Op STAND- A safer STAND on substance use
Hōtaka TŪNGA - he TŪNGA haumaru ārai i te rongoā whakawairangi
The New Zealand Defence Force is improving its response to harmful substance misuse.
A new substance harm minimisation framework is being implemented to reduce and prevent harm from substance misuse in our armed forces.
Under the banner ‘STAND’, the framework is aimed at creating a safe and rewarding place to work, and supporting those who need it.
STAND is a long-term culture change programme that involves everyone in the NZDF, and draws on our values-based culture to ensure better modelling of behaviour. A sailor, soldier, airman, or civilian should all understand the NZDF’s position on substance misuse and its expectations. There will be consequences for those personnel who choose to partake in illegal activity or who breach our values and cause harm.
We acknowledge that there is a tension between being supportive and compassionate, and holding each other accountable when expectations are not met. STAND is about ensuring we show each other support and compassion, without changing the high standards that are expected of all of us.
The STAND substance harm minimisation framework will:
- Place a greater emphasis on promoting health, preventing impairment, and providing support for those who need it.
- Improve responses, streamlining help and support services, and removing barriers to access.
- Improve monitoring and evaluation, with better data and analysis to target responses.
NZDF has an interest in the misuse of substances across our organisation as they can cause harm, create security risks, and damage trust, morale and our reputation.
Why use the word 'substance'?
We are using the word 'substance' to highlight that drugs are not the only things that have the potential to cause harm, and misuse of alcohol can do a lot of damage.
The term ‘substance’ is intentionally broad to cover compounds that can cause impairment. It includes - but is not limited to - legal substances such as alcohol and over-the-counter supplements; prescription only medicines including steroids; those not intended for recreational use such as volatile substances; and illegal drugs including cannabis, methamphetamine, synthetic substances and many others.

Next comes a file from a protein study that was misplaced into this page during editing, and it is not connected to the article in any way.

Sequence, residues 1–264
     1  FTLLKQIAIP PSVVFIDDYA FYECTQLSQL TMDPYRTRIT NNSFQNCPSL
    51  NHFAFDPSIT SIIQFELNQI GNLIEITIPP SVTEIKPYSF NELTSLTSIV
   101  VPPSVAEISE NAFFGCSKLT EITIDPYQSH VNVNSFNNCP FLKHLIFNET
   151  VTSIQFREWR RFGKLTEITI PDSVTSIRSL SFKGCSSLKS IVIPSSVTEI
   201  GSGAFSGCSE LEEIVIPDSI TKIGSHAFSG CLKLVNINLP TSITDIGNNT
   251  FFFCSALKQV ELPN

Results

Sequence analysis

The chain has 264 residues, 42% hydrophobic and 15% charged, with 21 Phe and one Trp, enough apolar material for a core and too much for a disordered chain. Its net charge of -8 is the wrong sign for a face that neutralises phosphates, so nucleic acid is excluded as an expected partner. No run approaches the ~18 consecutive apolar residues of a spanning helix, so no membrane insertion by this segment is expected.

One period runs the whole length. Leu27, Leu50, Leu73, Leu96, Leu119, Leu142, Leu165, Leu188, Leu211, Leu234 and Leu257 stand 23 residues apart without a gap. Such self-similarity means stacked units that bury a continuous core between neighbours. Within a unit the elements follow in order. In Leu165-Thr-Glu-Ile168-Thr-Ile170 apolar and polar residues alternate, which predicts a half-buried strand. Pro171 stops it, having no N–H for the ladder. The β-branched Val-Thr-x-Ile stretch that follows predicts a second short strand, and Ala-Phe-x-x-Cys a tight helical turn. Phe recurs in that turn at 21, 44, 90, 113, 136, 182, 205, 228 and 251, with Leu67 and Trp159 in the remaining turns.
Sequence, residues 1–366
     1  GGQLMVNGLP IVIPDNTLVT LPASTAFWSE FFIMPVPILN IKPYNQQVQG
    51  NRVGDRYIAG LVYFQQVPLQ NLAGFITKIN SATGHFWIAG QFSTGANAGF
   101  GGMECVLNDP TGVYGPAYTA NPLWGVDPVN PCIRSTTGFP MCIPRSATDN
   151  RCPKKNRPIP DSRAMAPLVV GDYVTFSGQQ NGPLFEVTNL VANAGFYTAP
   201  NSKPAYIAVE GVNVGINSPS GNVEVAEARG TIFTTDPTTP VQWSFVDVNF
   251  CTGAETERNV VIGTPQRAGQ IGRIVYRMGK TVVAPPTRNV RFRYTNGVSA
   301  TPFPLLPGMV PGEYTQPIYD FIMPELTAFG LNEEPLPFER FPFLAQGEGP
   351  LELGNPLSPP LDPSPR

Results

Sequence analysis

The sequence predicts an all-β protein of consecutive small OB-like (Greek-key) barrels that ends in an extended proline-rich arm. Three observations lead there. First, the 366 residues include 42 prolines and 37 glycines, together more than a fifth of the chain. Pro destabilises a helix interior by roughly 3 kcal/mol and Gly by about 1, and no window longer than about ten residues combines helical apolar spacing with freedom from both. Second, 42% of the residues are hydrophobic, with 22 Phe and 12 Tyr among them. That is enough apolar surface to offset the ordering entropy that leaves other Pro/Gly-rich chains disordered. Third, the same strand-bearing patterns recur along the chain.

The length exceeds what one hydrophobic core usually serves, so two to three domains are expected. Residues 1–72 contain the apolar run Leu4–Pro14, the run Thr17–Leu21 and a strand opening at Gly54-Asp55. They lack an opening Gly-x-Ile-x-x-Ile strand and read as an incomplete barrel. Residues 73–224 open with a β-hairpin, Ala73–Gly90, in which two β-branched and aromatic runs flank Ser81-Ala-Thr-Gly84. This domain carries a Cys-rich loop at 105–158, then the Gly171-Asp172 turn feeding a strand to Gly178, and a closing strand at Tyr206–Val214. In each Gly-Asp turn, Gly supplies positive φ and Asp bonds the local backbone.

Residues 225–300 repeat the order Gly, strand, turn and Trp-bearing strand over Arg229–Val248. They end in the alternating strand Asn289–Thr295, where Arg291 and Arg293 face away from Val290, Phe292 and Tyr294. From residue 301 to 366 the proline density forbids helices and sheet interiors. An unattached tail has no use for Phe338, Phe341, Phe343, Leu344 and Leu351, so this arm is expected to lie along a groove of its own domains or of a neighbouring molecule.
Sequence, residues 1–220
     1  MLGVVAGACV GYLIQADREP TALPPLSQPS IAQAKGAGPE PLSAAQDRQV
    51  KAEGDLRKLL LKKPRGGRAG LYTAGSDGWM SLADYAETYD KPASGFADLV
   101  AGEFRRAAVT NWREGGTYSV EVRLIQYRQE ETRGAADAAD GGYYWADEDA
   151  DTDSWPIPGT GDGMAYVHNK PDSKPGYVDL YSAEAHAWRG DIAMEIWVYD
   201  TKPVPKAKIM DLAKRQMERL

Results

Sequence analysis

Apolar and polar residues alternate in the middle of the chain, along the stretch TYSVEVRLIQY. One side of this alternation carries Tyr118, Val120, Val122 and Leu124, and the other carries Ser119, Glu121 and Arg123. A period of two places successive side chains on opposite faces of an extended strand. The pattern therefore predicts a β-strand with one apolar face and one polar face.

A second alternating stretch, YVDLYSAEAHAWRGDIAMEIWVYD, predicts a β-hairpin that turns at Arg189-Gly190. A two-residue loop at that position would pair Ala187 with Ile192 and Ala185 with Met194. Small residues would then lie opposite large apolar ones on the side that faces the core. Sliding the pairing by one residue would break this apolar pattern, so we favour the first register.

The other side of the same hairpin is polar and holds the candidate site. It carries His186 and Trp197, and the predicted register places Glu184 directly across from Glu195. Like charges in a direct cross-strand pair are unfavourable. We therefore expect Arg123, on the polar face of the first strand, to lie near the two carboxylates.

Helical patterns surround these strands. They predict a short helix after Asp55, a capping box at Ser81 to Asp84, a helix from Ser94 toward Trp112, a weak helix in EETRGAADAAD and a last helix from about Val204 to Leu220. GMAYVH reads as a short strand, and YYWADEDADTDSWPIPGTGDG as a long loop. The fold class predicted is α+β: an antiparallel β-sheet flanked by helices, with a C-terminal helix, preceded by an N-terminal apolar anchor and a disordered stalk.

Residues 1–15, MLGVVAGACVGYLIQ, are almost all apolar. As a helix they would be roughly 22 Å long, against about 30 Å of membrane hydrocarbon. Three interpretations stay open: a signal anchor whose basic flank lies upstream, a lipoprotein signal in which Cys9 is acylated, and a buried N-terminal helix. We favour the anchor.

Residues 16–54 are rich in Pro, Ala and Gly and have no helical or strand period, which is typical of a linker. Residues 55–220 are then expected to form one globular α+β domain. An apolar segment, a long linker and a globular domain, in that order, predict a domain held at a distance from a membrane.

Not all substance use is misuse
People sometimes use substances for reasons that are unlikely to cause problems such as pleasure, bonding, or performance enhancement. This can include moderate use of alcohol and approved performance supplements.
However, the nature of work for the Defence Force provides additional risk factors for substance use. This can result in people using for escape, to cope with trauma, or self-medication.
Misuse is when it is illegal, harmful, or causes impairment while at work
Misuse is any substance use that:
- Is an offence against the Armed Forces Discipline Act 1971 - this includes being unfit for duty because of intoxication from alcohol or drugs and/or any breach of civilian law, and/or
- Causes impairment in a Defence work environment, and/or
- Results in harm to themselves, others and/or the reputation of the NZDF
Examples include hazardous use of alcohol, use of a drug controlled by the Misuse of Drugs Act 1975, use of medication without a prescription, and use of any unapproved psychoactive substance – whether on duty or not.
Doing things differently to get a better result
STAND was developed through a partnership between the New Zealand Defence Force Health Directorate and the New Zealand Drug Foundation using a co-design process. Co-design ensures we match the best evidence with the experience and insights of people who work for the Defence Force.
The Drug Foundation also joined Health Directorate staff in visiting all camps and bases to hear what works locally and where improvements can be made.
Op STAND messaging
Op STAND will continually communicate messages about substance use to personnel. These messages will aim to clarify expectations, build knowledge and promote behaviour that supports health, our values, goals and policies. Communication channels and tools will include (but will not be limited to) training, videos, emails, posters, printed documentation and social media.
The key message of each communication will be on one or more of the following:
1. Applying our values when using alcohol or other substances reduces problems
2. Impairment from alcohol or other substances while on duty is a major safety risk
3. Not all substance use causes problems
4. Asking for help with problems when you need support can reduce the risk of substance use
5. Personnel experiencing problems from alcohol or other substances will be supported